YOU can't predict when grief will hit but I'm learning some of the best ways to help deal with the shock of losing a loved one.
While we all know there are stages of grief including denial, anger, bargaining, depression and acceptance, everyone deals with it differently.
I remember wondering why I wasn't crying my eyes out like others were at my own brother's funeral.
But after seeking help from a professional she said to me grief simply hit different people at different times.
It really hit me about four weeks after his death.
It was after things settled down.
We went from daily hospital visits for a bit over a week to having family around all the time and then I was back to work within a couple of weeks.
The psychologist gave me some good advice that I have found helpful during the stages of grief and I hope you do to.
It's just a few things I am finding have helped, but it's always important to seek professional advice when dealing with the pain of grief.
1. Write your loved one a letter with all the things they taught you, what you miss and some of the good memories you have.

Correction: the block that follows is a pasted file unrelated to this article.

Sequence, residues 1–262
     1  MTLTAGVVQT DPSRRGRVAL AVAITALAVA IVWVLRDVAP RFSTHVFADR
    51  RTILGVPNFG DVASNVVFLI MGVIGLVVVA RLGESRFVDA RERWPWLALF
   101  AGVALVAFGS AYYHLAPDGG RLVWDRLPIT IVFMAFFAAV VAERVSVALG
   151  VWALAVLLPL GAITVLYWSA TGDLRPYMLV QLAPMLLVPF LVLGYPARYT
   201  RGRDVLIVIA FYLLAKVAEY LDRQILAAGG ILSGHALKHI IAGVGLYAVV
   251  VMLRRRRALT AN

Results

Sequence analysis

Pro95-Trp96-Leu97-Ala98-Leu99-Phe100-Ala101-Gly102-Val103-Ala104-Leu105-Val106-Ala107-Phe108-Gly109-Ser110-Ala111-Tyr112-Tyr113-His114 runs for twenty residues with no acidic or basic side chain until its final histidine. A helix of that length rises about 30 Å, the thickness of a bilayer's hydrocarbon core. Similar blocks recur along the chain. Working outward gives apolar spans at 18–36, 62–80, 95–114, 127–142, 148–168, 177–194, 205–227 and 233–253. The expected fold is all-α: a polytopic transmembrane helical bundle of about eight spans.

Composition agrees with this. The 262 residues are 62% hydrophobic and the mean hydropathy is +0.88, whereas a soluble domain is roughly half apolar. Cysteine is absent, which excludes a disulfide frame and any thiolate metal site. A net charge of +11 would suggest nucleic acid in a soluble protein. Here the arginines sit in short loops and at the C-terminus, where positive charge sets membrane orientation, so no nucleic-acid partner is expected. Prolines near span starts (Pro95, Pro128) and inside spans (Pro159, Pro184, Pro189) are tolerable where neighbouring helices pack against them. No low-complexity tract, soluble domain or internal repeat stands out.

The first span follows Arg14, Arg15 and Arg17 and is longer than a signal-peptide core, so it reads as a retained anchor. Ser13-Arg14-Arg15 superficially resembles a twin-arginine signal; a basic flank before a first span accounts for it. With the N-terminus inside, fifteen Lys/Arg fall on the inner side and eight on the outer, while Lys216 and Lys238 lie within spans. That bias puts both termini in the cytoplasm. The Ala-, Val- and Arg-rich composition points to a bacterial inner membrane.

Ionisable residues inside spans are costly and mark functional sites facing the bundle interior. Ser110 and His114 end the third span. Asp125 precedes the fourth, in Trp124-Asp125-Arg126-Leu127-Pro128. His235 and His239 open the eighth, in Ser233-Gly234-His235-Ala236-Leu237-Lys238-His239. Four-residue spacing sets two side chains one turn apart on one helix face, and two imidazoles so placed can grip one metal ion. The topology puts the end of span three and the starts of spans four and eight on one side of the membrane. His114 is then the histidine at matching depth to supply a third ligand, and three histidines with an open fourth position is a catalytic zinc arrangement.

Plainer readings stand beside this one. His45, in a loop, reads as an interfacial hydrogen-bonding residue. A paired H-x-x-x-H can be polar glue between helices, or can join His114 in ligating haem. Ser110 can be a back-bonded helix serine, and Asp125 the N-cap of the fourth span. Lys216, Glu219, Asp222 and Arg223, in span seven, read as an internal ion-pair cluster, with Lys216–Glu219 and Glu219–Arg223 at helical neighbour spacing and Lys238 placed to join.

2. When you're feeling upset, take a few deep breathes and go somewhere quiet to get your thoughts down on paper. Maybe it's a special memory of your loved one or just simply how you're feeling.
3. Be kind to yourself and allow yourself time to process your loss rather then getting too busy too fast (I made this mistake).
4. Don't ignore the pain of grief and build your pain up within but instead ride the challenging waves and express your sorrow to others.
5. Don't feel guilty when you have a good day, your loved one wouldn't want anything less.
If you need help call a local psychologist or call Beyond Blue Support Service on 1300 224 636 or Lifeline on 13 11 14.
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